Unitary Taxation and International Tax Rules
Pouga Tinhaga, Zachée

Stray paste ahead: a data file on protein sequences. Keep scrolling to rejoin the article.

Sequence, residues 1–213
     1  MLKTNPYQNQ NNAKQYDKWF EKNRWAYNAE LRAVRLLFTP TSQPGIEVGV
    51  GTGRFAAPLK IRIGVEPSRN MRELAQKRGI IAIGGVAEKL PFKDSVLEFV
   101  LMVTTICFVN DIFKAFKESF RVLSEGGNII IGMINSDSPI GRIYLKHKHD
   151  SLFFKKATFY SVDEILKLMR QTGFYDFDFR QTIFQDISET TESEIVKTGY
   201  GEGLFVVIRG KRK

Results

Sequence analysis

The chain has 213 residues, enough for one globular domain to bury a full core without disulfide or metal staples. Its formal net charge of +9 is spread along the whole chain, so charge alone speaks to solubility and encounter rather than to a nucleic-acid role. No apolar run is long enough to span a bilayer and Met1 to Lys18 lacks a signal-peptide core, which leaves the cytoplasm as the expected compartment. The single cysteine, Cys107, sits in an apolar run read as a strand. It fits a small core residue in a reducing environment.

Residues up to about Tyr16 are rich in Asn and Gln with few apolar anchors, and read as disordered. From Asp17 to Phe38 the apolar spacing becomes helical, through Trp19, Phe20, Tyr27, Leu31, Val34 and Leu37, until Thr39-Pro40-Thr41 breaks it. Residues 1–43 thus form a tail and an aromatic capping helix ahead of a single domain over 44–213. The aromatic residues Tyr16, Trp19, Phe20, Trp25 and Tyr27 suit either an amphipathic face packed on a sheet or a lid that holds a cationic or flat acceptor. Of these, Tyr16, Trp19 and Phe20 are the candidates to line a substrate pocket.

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Any proposal for adoption of a unitary tax (UT) system ought to clear the first and most common hurdle of its compatibility, or lack of it, with the current norms in the international tax system – specifically, the current tax treaty network. This paper argues that unitary taxation is compatible with most of the current bilateral tax treaties and local countries’ national tax laws. The first argument levelled against UT is the revision of the United States (US) and Organisation for Economic Co-operation and Development (OECD) model tax treaties to specifically exclude application of UT through formulary apportionment. However, this argument carries little to no weight because most tax treaties currently outstanding, including those signed as recently as 2011 and even involving the US, do not adopt the changes and still contain Article 7 language allowing for a unitary approach. Another argument for incompatibility is that separate accounting (SA) and arm’s length standard (ALS) are so enshrined in tax treaties that they have become some sort of international law that is binding even when not explicitly stated. This argument, again, has no merit. On the one hand, it is well established that tax treaties, specifically model tax treaties, do not create a right to tax and cannot create a binding rule of law, even international law. On the other hand, and assuming the wide embodiment of SA into the treaties creates some sort of international binding norm, the same argument would hold for UT because the Article 7(4) language that authorises UT is still very present in most tax treaties currently outstanding. We acknowledge that a complete transition from SA to UT would be a long-term process requiring major revisions across the international tax regime; however, it is our view that countries in general, and developing countries in particular, can legally apply UT because it is in compliance with both the tax treaties they have signed, if any, and their national laws.